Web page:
Building off of Tim's first read on Judge Jenkins' ruling-- another key point that readers should keep in mind is that not only does this case differ in important ways from pre-emption lawsuits and related matters; more objective analysis indicates that its outcome in no way lessens the legal and regulatory weight of Judge Sessions' ruling in Vermont last week:
The two decisions are not necessarily at odds. They collectively suggest that states may address climate change through their legislatures and executive branches but not through the courts.
Indeed, California and the states following its lead on GHG emissions standards have done just that, as Judge Sessions properly recognized and we've noted at greater length. While the industry may be, as a matter of spin (and a matter of deflecting the impact of its recent legal setbacks in Vermont and in Mass. v. EPA), placing Jenkins' decision on nuisance damages within the context of its overall argument that "global warming presents exceedingly complex policy issues that must be addressed at the national and international levels by Congress and the president," that's simply not the case.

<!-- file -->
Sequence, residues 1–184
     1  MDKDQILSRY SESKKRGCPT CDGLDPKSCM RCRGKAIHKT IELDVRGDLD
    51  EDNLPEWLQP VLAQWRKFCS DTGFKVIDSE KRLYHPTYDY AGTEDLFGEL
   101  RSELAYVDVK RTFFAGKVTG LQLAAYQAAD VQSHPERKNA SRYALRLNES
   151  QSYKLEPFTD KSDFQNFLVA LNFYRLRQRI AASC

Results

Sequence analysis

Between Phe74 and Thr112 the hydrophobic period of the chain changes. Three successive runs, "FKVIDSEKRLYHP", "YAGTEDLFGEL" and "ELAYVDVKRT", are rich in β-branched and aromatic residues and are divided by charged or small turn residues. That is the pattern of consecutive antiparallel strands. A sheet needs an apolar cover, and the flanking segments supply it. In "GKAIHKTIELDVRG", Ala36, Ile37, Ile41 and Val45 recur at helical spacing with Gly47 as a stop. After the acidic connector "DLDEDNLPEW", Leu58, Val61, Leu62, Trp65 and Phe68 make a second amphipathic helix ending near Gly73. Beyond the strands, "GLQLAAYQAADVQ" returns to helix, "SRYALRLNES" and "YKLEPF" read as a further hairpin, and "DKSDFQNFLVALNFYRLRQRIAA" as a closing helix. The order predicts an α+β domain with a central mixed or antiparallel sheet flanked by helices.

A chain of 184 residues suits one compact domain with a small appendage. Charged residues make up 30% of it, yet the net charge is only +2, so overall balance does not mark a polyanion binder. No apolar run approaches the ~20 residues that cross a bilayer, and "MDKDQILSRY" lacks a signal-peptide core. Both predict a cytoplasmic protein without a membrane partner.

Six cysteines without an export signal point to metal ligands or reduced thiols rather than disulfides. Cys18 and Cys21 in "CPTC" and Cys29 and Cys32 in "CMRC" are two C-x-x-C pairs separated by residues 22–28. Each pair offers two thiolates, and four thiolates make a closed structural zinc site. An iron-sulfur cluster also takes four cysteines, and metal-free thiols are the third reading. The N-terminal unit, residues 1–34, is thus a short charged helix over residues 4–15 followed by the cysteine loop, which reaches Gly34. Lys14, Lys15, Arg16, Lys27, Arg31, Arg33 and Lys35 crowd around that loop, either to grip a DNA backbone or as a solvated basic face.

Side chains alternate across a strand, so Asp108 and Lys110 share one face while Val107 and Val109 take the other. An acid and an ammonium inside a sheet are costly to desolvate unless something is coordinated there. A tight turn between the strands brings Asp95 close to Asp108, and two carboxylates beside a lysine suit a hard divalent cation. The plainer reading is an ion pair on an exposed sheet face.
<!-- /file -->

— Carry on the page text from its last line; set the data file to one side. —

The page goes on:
Jenkins' determination that assigning relative blame and monetary damages for global warming's impact on the states, right or wrong, is nevertheless complementary to the states' ability (under the Clean Air Act) to adopt stricter emissions standards shepherded in by California. The spotlight rightly remains on the eighteen states that have adopted California's standards or are moving toward doing so, and on the EPA's long-delayed decision on whether to grant California the Clean Air Act waiver that would kick-start their enforcement.